If the results of your history and physical suggest you have a severe wrist sprain or a fractured bone, your doctor may order wrist x-rays. If these appear normal, but your symptoms are severe and persistent, your doctor may order additional tests such as magnetic resonance imaging (MRI) or a computed tomography (CT) scan. In some people, especially in competitive athletes with moderate or severe wrist injuries, the doctor may do a type of minor operation called arthroscopy to inspect the wrist ligaments directly for signs of damage.
In milder wrist sprains, symptoms usually improve within two to three days. More severe sprains can take a number of weeks or even months to heal completely.
To prevent wrist sprains related to falls, you can stay indoors when it's icy or wet outside. If you must go out, wear shoes with soles that provide traction during slippery conditions and pay careful attention to the surface where you are walking.
To prevent sports-related wrist sprains, wear protective equipment that supports the wrist. In particular, snowboarders and inline skaters should protect their wrists by using wrist guards or snug-fitting plastic wrist splints. Platform divers may wear protective tape, wrist splints or wraps that limit extension of the wrist.
To prevent wrist sprains related to skiing, choose ski poles that have a low-profile grip with finger grooves. Also, grip ski poles without using straps and drop poles during a fall.
For milder wrist sprains, initial treatment follows the RICE rule:
- Rest the joint
- Ice the injured area to reduce swelling
- Compress the swelling with an elastic bandage
- Elevate the injured area.
Your doctor also may suggest a nonsteroidal anti-inflammatory drug (NSAID), such as ibuprofen (Advil, Motrin and others), to relieve pain and ease swelling.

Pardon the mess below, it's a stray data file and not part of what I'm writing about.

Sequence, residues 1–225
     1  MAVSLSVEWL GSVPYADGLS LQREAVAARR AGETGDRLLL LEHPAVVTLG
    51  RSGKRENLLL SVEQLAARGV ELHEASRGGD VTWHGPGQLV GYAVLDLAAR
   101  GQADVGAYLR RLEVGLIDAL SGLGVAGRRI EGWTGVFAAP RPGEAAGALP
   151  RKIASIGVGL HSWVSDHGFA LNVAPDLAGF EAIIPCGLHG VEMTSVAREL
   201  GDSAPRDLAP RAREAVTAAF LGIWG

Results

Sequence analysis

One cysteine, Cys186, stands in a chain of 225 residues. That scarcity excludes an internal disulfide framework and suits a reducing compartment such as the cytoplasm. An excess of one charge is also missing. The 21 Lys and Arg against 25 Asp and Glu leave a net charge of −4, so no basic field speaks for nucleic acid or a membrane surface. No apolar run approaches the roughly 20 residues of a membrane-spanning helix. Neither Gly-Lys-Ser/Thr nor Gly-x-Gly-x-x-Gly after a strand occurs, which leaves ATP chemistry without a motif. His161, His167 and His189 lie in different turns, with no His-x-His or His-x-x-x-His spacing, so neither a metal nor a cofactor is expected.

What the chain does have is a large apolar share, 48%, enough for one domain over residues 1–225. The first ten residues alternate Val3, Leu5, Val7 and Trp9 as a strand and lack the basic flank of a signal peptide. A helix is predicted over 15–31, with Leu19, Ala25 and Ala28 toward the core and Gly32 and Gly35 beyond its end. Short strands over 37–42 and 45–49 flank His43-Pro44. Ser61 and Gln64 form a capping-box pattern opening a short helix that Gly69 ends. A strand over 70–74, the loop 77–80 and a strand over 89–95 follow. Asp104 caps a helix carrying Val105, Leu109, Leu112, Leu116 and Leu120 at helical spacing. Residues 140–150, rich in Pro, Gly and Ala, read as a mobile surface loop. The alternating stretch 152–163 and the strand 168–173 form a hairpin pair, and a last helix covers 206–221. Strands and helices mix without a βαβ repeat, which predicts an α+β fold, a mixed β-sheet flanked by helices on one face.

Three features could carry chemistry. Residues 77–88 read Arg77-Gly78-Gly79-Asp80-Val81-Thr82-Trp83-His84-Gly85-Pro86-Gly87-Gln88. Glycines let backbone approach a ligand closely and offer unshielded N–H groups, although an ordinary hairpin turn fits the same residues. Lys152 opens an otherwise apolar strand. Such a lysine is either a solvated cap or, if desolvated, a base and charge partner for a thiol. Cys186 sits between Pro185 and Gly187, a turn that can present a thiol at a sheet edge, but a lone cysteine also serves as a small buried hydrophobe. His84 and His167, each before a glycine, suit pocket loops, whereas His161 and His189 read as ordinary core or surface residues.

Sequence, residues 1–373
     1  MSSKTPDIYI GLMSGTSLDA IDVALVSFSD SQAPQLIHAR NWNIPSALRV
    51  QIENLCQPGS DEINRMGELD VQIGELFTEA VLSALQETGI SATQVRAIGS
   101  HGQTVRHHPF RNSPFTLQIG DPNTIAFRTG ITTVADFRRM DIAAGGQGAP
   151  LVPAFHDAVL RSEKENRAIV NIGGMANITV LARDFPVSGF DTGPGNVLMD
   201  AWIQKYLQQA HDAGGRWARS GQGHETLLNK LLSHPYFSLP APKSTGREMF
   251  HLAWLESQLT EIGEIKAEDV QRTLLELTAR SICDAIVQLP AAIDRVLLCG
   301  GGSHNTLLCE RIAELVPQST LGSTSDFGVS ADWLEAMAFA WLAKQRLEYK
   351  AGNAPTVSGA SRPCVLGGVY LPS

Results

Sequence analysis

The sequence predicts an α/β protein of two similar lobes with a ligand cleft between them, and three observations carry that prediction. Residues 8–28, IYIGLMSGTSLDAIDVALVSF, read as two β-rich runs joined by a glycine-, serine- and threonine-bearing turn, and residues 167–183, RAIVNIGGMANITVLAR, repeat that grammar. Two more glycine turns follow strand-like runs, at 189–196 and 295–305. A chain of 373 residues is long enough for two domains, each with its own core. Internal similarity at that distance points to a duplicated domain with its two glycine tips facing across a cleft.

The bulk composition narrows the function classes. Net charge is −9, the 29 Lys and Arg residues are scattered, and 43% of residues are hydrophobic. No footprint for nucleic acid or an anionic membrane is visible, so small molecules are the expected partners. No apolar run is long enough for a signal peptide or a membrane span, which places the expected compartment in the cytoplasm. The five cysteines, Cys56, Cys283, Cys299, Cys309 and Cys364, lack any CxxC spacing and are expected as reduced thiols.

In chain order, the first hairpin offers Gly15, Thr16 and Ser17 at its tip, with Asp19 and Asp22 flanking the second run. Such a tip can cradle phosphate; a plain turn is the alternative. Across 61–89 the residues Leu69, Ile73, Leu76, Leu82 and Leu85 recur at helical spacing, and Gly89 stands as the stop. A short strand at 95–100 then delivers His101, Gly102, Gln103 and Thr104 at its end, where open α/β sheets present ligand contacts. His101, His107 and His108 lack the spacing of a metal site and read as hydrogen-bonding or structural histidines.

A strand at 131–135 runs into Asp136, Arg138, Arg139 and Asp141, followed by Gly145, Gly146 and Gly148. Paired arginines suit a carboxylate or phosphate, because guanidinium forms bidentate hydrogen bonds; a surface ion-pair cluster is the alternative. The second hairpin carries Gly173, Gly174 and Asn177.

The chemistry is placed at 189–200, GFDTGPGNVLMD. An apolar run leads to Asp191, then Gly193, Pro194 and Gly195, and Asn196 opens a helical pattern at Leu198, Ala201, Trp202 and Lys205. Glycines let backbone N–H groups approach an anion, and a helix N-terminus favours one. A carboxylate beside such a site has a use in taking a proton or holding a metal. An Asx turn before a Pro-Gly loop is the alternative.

For moderate wrist sprains, especially in professional or competitive athletes, the wrist may be immobilized in a splint or light cast for seven to 10 days. If you have a significant wrist injury, you will need physical therapy as soon as symptoms allow. Athletes usually can return to competition once symptoms subside, although it may be advisable to protect the injured wrist with a support splint. When a severe wrist sprain causes significant instability in the wrist, surgery may be required.
Call your doctor immediately whenever you have symptoms of a severely sprained wrist, especially if your wrist is deformed or severely swollen, or if pain prevents you from moving your wrist normally in any direction. For milder sprains, call your doctor if your wrist symptoms do not improve within two to three days after your injury.
Since most wrist sprains heal with time, the long-term outlook is usually excellent. This is especially true for people who do not routinely play sports that twist or bend the wrist. Among athletes with severe sprains, arthroscopic repair is usually successful.
National Institute of Arthritis and Musculoskeletal and Skin Diseases
National Institutes of Health
1 AMS Circle
Bethesda, MD 20892-3675
American Orthopaedic Society for Sports Medicine
6300 North River Road
Rosemont, IL 60018
National Athletic Trainers' Association
2952 Stemmons Freeway
Dallas, TX 75247